Haitian President Jovenel Moïse was shot and killed in his home on July 7, 2021
Two weeks later, his handpicked successor, Prime Minister Ariel Henry, was sworn in as President
Henry himself had only been named Prime Minister on July 5, by Moïse which would have put next in line of succession
Suspicions have surrounded Henry every since the President was assassinated
Seven months into the investigation, no one has been arrested since dozens of suspects were rounded up in the weeks following the killing
Those suspects are still being held, but no charges have been brought.
Now, two investigators say he involved in the plot, and is protecting the man who is suspected of organizing the hit squad that carried out the killing
With the apparent stall in in the investigators probing the assassination of Haiti’s last President have claimed the country’s Prime Minister was involved, and is protecting a fugitive suspected of organizing the hit squad behind it.
Haitian President Jovenel Moïse was shot 12 times and killed when two dozen armed men raided in the country’s presidential residence in the early hours on July 7, 2021.
Two weeks later Moïse’s handpicked successor, Ariel Henry, was sworn in as President, having only just been named Prime Minister by Moïse on July 5.
Accusations and suspicions surrounding the now-acting President have swirled since, not helped by his refusal to cooperate with authorities over his links to the one of the key suspects in the assassination plot.
Now, speaking anonymously to CNN, two investigators into the assassination have claimed that they were involved in planning a sting operation to catch Henry meeting with Joseph Felix Badio – the man believed to have organised the hit squad.
The hit squad arrested after the assassination comprised mainly of former Columbian service men.
The Colombian Police asserted on July 16, 2021 that those accused and arrested for the assassination of Haitian President Jovenel Moïse received the orders to assassinate the president after a meeting three days before the crime with former official of the Haitian Ministry of Justice, Joseph Felix Badio.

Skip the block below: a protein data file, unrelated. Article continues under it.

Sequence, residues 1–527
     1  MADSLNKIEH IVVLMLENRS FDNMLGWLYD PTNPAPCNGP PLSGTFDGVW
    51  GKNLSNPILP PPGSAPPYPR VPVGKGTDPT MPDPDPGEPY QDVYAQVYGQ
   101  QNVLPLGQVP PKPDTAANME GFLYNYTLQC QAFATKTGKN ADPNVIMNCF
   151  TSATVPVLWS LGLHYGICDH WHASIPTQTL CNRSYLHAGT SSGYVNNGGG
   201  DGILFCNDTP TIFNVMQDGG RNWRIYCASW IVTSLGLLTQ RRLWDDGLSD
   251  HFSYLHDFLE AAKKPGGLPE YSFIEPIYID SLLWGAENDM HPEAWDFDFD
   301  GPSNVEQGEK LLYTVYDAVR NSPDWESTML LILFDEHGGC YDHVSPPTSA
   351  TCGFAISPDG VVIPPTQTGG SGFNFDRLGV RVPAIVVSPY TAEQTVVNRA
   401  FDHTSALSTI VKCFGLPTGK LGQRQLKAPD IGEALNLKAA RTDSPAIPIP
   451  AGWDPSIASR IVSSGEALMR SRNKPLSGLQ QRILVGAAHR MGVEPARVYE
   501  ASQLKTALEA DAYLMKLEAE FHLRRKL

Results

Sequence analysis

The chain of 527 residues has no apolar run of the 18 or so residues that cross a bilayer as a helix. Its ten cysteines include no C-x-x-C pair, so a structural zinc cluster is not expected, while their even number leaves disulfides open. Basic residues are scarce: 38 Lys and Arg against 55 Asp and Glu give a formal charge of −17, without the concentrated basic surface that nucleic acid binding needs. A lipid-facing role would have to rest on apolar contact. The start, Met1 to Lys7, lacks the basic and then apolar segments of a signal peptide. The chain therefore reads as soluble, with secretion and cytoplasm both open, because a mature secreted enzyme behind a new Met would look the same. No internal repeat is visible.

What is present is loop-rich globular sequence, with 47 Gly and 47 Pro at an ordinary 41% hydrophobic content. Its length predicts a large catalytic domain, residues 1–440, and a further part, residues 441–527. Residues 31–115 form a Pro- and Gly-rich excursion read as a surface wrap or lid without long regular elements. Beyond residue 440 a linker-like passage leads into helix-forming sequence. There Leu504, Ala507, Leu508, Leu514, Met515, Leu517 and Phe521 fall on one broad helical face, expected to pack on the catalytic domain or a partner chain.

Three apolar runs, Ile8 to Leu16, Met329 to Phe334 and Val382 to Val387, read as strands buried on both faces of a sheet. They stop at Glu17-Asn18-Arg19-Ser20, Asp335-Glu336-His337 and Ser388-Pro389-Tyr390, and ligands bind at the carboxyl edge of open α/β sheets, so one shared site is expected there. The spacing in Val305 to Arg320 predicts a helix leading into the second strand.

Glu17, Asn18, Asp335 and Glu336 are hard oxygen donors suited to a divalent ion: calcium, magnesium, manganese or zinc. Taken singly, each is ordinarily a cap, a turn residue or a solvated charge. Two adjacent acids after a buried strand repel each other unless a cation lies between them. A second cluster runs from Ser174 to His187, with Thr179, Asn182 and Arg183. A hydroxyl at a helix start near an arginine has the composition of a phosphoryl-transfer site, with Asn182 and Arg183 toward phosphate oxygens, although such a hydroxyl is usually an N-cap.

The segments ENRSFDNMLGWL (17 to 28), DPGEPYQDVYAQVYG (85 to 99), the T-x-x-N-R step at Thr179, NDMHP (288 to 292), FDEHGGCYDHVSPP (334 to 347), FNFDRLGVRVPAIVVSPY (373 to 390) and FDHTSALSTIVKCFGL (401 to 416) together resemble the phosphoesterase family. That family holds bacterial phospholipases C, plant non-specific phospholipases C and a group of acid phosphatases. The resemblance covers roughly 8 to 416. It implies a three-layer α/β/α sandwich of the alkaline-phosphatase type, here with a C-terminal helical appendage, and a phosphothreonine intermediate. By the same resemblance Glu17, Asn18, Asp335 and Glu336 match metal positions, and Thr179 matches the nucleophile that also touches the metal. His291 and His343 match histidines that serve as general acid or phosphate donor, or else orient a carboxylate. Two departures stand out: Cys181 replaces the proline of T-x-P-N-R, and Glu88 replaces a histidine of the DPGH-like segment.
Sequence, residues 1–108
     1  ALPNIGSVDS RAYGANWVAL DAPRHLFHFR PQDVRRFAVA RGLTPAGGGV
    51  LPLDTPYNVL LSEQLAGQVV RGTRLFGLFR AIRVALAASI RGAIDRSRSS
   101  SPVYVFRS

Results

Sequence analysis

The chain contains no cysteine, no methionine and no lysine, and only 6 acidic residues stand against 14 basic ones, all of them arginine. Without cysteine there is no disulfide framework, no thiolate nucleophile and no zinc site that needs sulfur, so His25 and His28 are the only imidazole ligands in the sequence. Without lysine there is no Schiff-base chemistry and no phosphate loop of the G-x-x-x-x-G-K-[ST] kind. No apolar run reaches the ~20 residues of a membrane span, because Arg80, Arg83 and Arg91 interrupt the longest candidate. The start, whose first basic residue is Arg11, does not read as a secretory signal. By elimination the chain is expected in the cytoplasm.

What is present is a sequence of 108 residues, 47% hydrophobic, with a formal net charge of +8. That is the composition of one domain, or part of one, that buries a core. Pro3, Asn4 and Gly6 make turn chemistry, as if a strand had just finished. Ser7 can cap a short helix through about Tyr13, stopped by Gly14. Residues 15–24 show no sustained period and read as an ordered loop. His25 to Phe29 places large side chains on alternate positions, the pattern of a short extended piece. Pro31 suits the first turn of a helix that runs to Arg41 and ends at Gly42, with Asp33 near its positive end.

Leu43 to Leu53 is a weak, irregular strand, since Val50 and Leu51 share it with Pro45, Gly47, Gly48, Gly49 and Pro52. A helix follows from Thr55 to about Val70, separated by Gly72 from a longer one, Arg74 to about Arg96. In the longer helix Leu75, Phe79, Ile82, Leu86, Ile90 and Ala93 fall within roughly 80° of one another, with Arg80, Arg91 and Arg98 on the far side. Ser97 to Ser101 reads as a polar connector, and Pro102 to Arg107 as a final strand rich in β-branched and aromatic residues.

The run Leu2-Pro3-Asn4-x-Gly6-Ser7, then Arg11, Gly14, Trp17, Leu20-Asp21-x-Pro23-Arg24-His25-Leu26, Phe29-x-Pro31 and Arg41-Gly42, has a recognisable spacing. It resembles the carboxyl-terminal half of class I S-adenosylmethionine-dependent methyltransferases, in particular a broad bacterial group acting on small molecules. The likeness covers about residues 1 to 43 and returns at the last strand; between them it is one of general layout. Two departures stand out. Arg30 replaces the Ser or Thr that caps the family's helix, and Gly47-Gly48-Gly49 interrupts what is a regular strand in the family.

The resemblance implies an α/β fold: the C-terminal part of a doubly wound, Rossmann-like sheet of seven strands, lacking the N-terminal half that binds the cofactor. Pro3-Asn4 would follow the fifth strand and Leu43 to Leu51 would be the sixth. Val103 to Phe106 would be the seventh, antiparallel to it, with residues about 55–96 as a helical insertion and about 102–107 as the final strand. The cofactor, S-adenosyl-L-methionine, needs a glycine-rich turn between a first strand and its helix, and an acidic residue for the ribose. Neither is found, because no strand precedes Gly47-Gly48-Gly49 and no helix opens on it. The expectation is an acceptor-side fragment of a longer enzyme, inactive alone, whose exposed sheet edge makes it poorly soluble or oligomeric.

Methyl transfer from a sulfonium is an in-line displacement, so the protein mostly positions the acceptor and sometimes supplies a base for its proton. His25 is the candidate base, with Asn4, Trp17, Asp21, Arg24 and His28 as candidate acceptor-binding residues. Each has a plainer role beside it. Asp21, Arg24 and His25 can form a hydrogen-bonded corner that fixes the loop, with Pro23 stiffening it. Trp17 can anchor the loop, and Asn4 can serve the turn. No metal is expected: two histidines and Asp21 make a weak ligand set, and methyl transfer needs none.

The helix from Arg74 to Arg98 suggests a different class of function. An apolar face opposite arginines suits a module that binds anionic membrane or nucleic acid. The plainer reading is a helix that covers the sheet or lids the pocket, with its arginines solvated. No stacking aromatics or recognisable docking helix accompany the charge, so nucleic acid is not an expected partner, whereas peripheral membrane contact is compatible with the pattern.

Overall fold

However efforts to take Badio into custody have failed to date. New York Times reports that New evidence suggests the man who took over from Haiti’s murdered president had close links to a prime suspect in the assassination — and that the two stayed in contact even after the crime.
According to the sources, three undercover officers were parked outside Henry’s official residents in Haiti’s capital Port-au-Prince having been tipped off that Badio – a former anti-corruption official who is on-the-run – would be meeting him there.
The detective planned to arrest Badio as he left the house, and at a later date arrest Henry as well, using the meeting as proof of their collaboration.
But Badio never arrived. Inside sources have expressed the belief that either he or Henry was tipped off, thwarting the opportunity for investigators to bust the meeting.
The whistle blowers have brought forward other examples of the Prime Minister’s activities that detail his alleged involvement in the killing.
However, when two judicial authorities sought to bring charges against him they were fired, the source said.
One investigator has gone as far as to say: ‘Henry is at the center of everything.’